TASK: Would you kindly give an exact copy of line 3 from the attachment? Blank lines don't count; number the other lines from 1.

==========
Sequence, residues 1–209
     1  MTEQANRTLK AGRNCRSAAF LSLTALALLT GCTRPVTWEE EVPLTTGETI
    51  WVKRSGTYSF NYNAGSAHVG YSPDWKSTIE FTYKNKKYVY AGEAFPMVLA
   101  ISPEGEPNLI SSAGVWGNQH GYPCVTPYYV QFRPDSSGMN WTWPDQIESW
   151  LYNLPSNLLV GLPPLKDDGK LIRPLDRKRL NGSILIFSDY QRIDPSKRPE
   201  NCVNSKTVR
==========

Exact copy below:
    51  WVKRSGTYSF NYNAGSAHVG YSPDWKSTIE FTYKNKKYVY AGEAFPMVLA